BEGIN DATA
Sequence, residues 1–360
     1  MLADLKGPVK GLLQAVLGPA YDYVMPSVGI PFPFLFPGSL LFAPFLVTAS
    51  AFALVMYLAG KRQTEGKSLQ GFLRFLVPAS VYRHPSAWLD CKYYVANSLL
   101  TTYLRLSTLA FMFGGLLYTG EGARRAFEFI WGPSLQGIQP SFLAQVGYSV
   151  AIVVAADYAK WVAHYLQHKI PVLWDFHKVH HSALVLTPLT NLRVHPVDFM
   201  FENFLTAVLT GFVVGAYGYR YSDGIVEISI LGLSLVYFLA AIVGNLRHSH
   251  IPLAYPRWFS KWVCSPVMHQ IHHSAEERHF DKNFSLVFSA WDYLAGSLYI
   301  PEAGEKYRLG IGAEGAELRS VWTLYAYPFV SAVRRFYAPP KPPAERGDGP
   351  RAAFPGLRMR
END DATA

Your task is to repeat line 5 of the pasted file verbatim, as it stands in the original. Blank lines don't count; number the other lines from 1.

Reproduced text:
   151  AIVVAADYAK WVAHYLQHKI PVLWDFHKVH HSALVLTPLT NLRVHPVDFM